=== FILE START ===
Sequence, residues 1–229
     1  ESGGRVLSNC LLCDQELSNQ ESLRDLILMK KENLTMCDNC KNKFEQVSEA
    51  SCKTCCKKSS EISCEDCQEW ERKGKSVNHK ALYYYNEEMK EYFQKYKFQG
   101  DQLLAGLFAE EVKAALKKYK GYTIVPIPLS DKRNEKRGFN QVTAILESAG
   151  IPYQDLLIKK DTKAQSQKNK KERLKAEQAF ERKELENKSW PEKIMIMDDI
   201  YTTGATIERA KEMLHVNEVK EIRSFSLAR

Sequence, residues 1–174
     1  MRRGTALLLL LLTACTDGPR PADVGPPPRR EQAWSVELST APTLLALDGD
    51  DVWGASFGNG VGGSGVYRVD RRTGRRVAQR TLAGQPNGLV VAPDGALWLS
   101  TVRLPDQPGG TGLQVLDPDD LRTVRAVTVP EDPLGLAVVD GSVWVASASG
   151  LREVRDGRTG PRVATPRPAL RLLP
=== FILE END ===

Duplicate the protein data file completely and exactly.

Sequence, residues 1–229
     1  ESGGRVLSNC LLCDQELSNQ ESLRDLILMK KENLTMCDNC KNKFEQVSEA
    51  SCKTCCKKSS EISCEDCQEW ERKGKSVNHK ALYYYNEEMK EYFQKYKFQG
   101  DQLLAGLFAE EVKAALKKYK GYTIVPIPLS DKRNEKRGFN QVTAILESAG
   151  IPYQDLLIKK DTKAQSQKNK KERLKAEQAF ERKELENKSW PEKIMIMDDI
   201  YTTGATIERA KEMLHVNEVK EIRSFSLAR

Sequence, residues 1–174
     1  MRRGTALLLL LLTACTDGPR PADVGPPPRR EQAWSVELST APTLLALDGD
    51  DVWGASFGNG VGGSGVYRVD RRTGRRVAQR TLAGQPNGLV VAPDGALWLS
   101  TVRLPDQPGG TGLQVLDPDD LRTVRAVTVP EDPLGLAVVD GSVWVASASG
   151  LREVRDGRTG PRVATPRPAL RLLP